His name is Bourdain, Anthony Bourdain. He writes, he eats, he travels, he's hungry for more, and frankly so am I.
Now just who is Anthony Bourdain? I'll be honest. When I first caught his show No Reservations on the Travel Channel about a year ago I had no idea. I heard of "Kitchen Confidential" but never actually read the book and yet there I sat amused at the prospect of watching this guy eat his way through the bowels of some foreign country.
The show felt like a blend of Great Hotels, Fear Factor, and Phantom Gourmet all rolled into one and yet it was its own entity. Bourdain's dry sense of humor and outlandish "hard-edged" gave No Reservations a tone that few shows in this genre had. You won't find a bubbly tour guide on this trip. Instead, expect to watch someone smoke too much, drink to excess, and in some cases, quietly insult the natives. Naturally when I heard that Travel Channel was releasing a collection of first season episodes I just had to check it out.
For a fan coming into this DVD set it's important to know right off the bat that this isn't the complete first season. There are only eight out of the nine episodes that aired in 2005 (the Uzbekistan episode is missing if you're counting). It's also important to know that there are no frills with this DVD. No commentary or special feature grace any disc and the episodes are shown in their made for TV censored format. With that in mind it becomes quite evident that this is as barebones as you can get but No Reservations is such an entertaining show it's easy to overlook these flaws (somewhat).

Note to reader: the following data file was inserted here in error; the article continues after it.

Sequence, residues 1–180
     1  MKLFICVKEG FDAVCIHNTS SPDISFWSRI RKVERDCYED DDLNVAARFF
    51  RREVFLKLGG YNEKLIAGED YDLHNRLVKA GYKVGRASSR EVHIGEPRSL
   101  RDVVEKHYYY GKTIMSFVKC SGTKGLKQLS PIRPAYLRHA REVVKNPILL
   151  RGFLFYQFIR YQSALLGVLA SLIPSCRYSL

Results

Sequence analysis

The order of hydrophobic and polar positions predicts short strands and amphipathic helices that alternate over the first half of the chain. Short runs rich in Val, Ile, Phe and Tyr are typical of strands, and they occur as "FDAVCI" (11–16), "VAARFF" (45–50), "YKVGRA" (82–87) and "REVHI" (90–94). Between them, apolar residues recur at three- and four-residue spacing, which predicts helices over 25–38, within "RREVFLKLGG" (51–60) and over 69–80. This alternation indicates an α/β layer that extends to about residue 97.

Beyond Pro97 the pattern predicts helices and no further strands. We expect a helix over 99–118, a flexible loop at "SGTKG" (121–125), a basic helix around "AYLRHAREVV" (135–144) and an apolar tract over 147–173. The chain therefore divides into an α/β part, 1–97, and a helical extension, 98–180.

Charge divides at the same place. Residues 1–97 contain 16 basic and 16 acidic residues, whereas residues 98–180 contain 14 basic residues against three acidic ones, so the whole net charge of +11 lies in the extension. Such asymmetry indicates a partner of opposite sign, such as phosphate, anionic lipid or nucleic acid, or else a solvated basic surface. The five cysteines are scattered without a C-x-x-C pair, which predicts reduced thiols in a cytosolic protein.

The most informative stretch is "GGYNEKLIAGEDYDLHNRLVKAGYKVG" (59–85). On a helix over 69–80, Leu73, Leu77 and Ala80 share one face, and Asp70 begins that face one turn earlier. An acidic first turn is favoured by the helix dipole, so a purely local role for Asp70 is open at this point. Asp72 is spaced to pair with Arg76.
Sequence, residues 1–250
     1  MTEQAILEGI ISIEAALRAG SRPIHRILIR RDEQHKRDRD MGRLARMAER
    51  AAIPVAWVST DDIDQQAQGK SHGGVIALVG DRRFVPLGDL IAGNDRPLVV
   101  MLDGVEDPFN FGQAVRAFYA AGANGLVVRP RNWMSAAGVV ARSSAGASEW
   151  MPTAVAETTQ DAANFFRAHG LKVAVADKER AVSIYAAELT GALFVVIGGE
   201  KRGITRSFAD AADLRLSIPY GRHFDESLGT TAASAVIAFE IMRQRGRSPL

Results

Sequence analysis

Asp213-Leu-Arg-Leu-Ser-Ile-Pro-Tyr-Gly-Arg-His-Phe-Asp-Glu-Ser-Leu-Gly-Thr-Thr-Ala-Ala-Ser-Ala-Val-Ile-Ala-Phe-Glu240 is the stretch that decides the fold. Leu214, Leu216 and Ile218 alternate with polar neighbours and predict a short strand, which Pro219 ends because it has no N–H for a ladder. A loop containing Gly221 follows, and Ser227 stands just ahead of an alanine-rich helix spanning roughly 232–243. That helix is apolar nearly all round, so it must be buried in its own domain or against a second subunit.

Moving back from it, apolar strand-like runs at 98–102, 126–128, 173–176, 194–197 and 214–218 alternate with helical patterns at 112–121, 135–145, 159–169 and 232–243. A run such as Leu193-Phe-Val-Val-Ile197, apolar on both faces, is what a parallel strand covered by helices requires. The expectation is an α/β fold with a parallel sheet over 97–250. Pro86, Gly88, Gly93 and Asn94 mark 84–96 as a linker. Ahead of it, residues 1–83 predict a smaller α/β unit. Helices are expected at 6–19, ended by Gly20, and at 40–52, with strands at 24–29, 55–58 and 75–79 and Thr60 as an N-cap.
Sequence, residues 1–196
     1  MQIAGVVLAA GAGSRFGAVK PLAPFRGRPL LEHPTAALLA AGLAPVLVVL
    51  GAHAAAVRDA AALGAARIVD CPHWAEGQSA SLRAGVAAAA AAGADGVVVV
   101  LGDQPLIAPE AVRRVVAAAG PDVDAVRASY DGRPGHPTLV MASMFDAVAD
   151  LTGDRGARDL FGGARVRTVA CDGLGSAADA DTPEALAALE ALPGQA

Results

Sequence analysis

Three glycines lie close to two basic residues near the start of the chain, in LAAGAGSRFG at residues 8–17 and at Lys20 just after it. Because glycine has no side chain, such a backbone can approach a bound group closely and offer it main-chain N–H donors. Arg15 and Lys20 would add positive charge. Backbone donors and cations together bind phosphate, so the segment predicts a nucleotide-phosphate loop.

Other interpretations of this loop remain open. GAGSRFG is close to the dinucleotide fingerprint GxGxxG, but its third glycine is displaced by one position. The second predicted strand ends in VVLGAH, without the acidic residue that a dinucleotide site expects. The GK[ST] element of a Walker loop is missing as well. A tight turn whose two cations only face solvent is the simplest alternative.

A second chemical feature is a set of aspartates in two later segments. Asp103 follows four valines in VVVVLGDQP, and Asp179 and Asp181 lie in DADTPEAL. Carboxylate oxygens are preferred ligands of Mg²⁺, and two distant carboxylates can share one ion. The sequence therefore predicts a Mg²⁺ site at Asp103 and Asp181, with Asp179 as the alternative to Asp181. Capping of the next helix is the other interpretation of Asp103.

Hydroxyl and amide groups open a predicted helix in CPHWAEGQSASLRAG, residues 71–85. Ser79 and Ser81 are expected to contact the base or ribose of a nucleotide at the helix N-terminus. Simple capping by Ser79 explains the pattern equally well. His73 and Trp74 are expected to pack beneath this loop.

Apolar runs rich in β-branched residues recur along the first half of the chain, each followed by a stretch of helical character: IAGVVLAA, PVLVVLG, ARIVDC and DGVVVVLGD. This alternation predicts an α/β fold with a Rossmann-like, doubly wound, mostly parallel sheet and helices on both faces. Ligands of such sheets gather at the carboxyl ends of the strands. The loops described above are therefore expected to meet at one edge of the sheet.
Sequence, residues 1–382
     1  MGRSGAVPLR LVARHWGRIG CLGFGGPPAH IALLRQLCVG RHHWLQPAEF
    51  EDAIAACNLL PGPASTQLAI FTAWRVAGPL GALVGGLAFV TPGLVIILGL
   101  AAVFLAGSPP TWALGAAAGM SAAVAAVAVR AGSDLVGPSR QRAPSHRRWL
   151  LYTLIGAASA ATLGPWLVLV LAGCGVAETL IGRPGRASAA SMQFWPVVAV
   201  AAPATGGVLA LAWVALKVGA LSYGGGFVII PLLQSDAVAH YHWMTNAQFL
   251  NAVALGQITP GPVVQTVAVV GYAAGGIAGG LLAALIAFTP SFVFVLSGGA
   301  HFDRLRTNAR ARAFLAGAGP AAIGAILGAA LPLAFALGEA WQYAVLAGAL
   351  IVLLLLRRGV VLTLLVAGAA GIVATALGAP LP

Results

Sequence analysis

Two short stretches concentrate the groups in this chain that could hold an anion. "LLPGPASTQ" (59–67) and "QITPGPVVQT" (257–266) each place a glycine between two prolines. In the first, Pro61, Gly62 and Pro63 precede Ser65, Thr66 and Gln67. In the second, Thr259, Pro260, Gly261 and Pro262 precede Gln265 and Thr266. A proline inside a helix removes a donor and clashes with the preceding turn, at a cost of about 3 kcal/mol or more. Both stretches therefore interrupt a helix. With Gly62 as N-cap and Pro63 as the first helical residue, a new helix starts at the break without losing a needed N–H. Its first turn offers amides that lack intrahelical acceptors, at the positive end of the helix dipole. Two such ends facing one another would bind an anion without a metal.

In this set you'll see Tony visit Paris, New Jersey, Malaysia, Iceland, Sicily, New Zealand, Vietnam, and Vegas. Whether he's abroad or here in the States there is something in each episode to appreciate, though some are better than others.
For instance, I felt that the Las Vegas episode was one of the weakest found in this collection. All jokes and insults to Bobby Flay aside there wasn't a lot that "popped" from his particular adventure. Tony visited the usual spots in Vegas and had some fine commentary on the New York, New York hotel but it was all more or less forgettable. The same could be said for Iceland which was another weaker episode. He had a few decent adventures and ate some poisonous shark that was fermented in its own urine. He admits it's the most disgusting thing that he's ever eaten and apart from watching him be emasculated by a group of muscle-bound Vikings the rest of the episode was kind of boring (though the abandoned on an icy tundra bit was amusing).
Once you get past those two bumps in the road the rest of this set is mighty fine. I loved the Paris episode for the simple fact that Tony tries to convince us that France indeed does not suck. I don't know if he actually pulls it off but he shows us a side of France that is oft romanticized yet not shown as frequently as it should be. Oh, and he gets drunk on illegal absinth which is something you don't see every day.